The University of Botswana is hosting an international conference on ‘race, identity and globalisation in Southern Africa and beyond’ today (February 22nd) and tommorrow at the Library Auditorium. It is a collaboration between the Department of French at the University of Botswana and two French research laboratories GRER-ICT (at the University of Paris – Diderot) and CREA (at the University of Paris – Nanterre).
The theme of the conference has attracted participants from Africa, Europe and beyond given that the issue of identity affects everybody in spite of social, economic or political background, but instead, as stated by head of French department at UB Rodah Nthapelelang, “It calls for introspection of the individual and introspection of the collective in order to define the self”.
Nthapelelang says that as individuals we are called every day to define our identity, be it through subtle means or in administrations. The individual has to know their identity. A nation has to know its identity. Identity therefore, is not stagnant; it evolves over time, it changes on the basis of contexts and at any given point in time, identity can be problematised, she said.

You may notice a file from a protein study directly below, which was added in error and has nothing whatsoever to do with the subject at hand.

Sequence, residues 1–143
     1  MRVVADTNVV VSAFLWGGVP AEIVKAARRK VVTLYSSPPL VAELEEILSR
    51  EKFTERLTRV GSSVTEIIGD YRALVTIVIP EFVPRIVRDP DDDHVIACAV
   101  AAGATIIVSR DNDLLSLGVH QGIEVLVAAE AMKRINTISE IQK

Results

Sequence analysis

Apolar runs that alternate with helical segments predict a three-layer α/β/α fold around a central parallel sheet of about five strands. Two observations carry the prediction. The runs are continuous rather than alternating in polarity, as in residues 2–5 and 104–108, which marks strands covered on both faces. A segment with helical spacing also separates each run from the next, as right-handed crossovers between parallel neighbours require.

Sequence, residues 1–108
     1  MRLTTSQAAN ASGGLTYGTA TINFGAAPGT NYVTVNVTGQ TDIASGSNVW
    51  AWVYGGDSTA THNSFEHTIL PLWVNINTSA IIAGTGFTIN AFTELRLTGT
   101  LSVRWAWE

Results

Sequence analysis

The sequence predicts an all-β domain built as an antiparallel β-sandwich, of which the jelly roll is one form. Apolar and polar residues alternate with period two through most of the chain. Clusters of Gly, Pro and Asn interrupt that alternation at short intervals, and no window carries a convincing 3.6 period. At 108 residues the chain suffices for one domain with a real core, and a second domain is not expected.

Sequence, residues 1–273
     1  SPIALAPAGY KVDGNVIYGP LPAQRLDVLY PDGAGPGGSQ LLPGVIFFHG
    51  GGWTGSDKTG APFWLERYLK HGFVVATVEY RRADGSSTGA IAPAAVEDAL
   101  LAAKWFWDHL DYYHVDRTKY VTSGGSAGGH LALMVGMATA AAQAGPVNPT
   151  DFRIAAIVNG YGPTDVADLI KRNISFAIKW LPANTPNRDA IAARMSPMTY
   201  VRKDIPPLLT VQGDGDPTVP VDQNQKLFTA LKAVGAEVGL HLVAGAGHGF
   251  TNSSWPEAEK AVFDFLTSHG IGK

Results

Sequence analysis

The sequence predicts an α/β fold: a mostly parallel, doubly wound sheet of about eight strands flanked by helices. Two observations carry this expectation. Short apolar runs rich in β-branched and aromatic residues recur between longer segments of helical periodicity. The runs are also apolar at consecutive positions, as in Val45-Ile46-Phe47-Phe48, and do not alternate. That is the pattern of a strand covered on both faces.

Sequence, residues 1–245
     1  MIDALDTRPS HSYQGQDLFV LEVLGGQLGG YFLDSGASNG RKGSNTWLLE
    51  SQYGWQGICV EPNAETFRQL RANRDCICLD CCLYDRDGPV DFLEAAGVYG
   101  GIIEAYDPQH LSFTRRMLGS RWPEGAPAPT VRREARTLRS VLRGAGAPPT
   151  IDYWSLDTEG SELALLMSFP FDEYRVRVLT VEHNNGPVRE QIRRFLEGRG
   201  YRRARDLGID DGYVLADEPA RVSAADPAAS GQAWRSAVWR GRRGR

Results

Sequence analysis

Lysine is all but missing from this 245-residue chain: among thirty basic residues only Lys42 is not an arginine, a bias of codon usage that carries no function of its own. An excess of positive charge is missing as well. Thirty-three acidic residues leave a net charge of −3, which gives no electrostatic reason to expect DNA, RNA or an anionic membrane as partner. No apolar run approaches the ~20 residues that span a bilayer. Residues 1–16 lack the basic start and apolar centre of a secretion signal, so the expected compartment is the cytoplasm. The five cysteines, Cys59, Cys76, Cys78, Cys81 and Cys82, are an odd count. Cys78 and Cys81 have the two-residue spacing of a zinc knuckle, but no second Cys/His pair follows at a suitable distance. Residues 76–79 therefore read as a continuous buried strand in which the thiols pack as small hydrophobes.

The main question is how one defines their identity in a globalised world. How does the individual define their identity within a collective? How do states manage to keep their particularity and avoid being engulfed in this “monster” which is globalisation?
The conference is bilingual- with some presentations in French and others in English. Prof Kwesi Prah, an author of several books including Beyond The Color Line (1997), public speaker, and Sociology professor will provide a keynote address on “Nurture and Nature: Race and Culture, Myth and Reality”.
In the context of Botswana, presentations will revolve around Ethnicity in Botswana; Racial and National Identity in Botswana; Cultural Supremacy and Politics; Linguistic and Cultural Diversities of Botswana; Botswana amidst hostile settler regimes of Southern Africa; Marginalised communities and identity politics; Race, gender, class and ethnicity in Botswana; Dual and complex identities of Batswana in Botswana and the Diaspora; Cultural Fluency and the politics of Belonging or not Belonging; and Performing the Botswana Identity.
The research outputs are aimed at informing policy locally and even beyond. Nthapelelang said that as a Centre of Excellence, the University of Botswana has got numerous partnerships with Universities over the world and that this confertence is an example of the networking that forms the basis of a solid academic foundation.